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Need to Come Out of Retirement? Here's How It Affects Your Social Security Benefits

By Catherine Brock - May 5, 2020 at 8:10AM

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Going back to work may solve your savings shortfall -- just make sure you don't inadvertently cause a reduction in your Social Security benefits.

Rapper Lil Wayne said, "The more time you spend contemplating what you should have done ... you lose valuable time planning what you can and will do." If the stock market volatility this year has you second-guessing how much you saved for retirement, redirect your focus to the future and strategies to make your money last. Once the economy opens up again, returning to work may be at the top of your list.

You wouldn't be the only one to take that route, either. In May 2017, the Bureau of Labor Statistics predicted that by 2024, there will be 13 million people in the workforce ages 65 and older. A year earlier, the Federal Reserve Board found that more than 33% of retired men later returned to work. Given that Americans were generally underfunded for retirement before this year's bout of stock market turbulence, more seniors will need to extend or revive their careers to remain solvent long term.

Older couple budgeting.

Image Source: Getty Images

Before you start dusting off that resume, consider how a career restart impacts your Social Security benefits. Here are three approaches you can take:

You can withdraw your application

You do have the option to withdraw your Social Security application within 12 months of your initial filing. There's a big caveat here, though. You'll have to repay all benefits you received, including Medicare premiums, voluntary tax withholdings, and garnishments. And, if your spouse or kids collected based on your earnings record, they'll have to repay their benefits, too.

You can suspend your benefits

If you used your Social Security benefits to pay your bills and buy food, repayment isn't realistic. Alternatively, if you qualify, you could suspend your benefits once you start earning a paycheck again. To request a suspension, you have to be at full retirement age (FRA), but not yet 70. Your FRA is based on your birth year; you can check yours on the Social Security website.

The suspension process is fairly informal, too. You can call to request a hold on your payments. Because Social Security benefits are paid out the month after they are due, you'll get one more payment after your request. But from then on, your benefits will be suspended until you turn 70 or until you request a reinstatement -- which you can also do over the phone. Your spouse and children cannot collect benefits on your earnings record while your benefit payments are on hold.

You will earn delayed retirement credits when you suspend your benefits. That means your benefit amount increases for every month of the suspension. Assuming you were born after 1943, your payment will go up by two-thirds of 1% monthly or 8% annually. A benefit of $1,500 monthly, for example, increases by $10 for each month you have benefits suspended.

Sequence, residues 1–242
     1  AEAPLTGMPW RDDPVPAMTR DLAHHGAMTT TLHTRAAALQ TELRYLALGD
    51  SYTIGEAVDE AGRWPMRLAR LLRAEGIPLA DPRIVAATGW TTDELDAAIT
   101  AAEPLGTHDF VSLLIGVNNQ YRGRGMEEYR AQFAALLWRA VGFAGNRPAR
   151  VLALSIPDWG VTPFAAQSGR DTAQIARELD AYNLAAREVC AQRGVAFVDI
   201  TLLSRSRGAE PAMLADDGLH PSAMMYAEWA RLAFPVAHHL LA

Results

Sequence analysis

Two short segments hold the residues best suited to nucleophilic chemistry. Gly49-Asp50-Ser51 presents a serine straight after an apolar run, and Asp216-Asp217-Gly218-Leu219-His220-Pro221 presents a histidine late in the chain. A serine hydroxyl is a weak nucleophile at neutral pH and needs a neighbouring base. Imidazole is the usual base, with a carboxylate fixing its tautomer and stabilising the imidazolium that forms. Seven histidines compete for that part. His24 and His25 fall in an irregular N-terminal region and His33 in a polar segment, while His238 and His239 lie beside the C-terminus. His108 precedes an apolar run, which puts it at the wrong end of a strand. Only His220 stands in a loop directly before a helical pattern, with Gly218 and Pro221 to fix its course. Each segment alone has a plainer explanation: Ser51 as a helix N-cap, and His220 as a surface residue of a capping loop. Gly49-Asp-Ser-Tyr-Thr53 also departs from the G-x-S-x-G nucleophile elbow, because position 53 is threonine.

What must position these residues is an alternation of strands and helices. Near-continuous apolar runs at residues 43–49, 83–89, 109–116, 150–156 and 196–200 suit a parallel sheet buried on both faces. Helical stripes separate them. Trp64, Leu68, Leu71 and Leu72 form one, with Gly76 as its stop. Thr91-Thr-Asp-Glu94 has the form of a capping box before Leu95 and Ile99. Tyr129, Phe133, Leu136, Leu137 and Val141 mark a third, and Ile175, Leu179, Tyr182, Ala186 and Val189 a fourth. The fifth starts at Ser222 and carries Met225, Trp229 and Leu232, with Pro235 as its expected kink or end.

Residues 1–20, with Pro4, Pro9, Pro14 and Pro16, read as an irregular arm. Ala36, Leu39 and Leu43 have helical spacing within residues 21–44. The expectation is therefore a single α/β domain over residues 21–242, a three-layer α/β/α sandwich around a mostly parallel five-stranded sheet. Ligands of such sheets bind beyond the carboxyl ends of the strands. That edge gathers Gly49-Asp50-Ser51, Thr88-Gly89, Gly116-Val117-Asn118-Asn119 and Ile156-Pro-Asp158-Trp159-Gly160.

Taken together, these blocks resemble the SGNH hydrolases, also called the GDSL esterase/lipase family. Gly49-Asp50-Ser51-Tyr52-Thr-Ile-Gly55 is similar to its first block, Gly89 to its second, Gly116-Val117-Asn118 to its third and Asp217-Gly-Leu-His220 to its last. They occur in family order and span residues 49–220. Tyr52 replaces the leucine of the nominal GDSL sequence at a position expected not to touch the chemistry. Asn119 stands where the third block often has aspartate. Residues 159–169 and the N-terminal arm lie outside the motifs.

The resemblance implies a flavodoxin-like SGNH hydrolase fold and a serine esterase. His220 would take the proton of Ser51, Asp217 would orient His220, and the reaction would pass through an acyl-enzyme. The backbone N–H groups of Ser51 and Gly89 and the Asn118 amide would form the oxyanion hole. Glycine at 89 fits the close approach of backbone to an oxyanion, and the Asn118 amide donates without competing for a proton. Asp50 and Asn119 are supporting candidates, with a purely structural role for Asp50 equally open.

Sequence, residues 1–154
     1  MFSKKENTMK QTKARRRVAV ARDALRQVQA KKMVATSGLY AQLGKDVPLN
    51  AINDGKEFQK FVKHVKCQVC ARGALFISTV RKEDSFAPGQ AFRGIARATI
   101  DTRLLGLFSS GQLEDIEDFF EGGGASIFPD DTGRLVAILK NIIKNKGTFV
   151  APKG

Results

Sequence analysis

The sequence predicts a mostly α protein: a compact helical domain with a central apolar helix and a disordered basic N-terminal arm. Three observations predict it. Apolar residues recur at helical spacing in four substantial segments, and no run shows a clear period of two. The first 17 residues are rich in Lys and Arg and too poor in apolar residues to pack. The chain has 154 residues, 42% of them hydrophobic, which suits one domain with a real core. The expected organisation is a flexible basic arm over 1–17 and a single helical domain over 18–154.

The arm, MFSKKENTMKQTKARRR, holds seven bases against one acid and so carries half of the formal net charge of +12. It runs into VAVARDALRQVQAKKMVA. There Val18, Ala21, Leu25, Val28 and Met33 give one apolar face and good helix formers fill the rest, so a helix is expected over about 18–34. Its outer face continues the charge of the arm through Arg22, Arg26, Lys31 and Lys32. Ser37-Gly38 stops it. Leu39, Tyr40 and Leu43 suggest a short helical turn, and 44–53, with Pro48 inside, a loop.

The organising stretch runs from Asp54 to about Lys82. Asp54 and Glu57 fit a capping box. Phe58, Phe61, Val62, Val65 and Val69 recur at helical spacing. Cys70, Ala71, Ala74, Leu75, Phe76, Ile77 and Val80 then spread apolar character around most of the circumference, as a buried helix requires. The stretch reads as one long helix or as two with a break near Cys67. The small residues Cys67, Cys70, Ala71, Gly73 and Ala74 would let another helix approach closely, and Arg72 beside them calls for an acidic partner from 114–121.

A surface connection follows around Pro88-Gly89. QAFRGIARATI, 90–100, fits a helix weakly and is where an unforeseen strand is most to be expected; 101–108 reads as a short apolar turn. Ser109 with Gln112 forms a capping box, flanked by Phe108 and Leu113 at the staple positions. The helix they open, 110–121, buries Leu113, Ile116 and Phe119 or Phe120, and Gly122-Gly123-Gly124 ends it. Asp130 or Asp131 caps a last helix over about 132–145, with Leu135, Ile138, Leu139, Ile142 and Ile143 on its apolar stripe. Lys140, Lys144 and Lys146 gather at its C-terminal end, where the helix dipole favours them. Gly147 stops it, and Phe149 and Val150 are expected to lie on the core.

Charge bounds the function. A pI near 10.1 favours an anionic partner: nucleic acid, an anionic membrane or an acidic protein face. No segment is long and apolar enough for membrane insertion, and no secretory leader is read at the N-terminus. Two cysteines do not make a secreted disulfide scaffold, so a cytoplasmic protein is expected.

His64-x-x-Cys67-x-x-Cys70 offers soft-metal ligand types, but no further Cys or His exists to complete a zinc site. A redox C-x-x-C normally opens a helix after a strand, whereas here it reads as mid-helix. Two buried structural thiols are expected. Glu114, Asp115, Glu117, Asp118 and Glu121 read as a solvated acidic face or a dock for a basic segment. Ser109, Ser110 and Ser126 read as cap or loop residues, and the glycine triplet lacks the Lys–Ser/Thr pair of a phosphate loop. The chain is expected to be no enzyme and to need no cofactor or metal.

You can work and keep collecting Social Security

You could also simply work and keep collecting your Social Security benefits, though this may affect your benefit amount and your tax bill.

If you haven't reached FRA, you are subject to an income cap. When you earn more than the cap, your benefits are reduced using one of these two formulas:

  1. In the years before you reach FRA, your benefit goes down by $1 for every $2 you earn over the cap, which is $18,240 in 2020.
  2. In the year you reach FRA, your benefit goes down by $1 for every $3 you earn over a different cap, which is $48,600 in 2020.

Once you reach FRA, you can make as much as you like and it doesn't affect your benefit at all.

Your earnings from work may, however, increase your tax bill. You owe taxes on up to 85% of your Social Security benefits when your "combined income" is more than $34,000 for single filers or $44,000 for married filers. Combined income is your adjusted gross income, plus nontaxable interest, plus half of your Social Security income. If you're currently below these limits, wages from a new job may push you over the top, converting your Social Security benefits from nontaxable to taxable.

Plan your work, work your plan

Going back to work, if your health and the economy allow it, can be a good, short-term solution to pad your retirement savings. Just make sure you don't inadvertently incur benefit reductions or unexpected taxes. If you expect your income to be higher than what's allowed, and you haven't reached FRA, you can withdraw your claim and repay your benefits. After FRA, a benefits suspension is an easy option. Either approach will disrupt any benefits to your spouse or kids from your work record. If that's an issue, wait until you reach FRA and then return to work. You'll have to budget for any tax consequences that arise.

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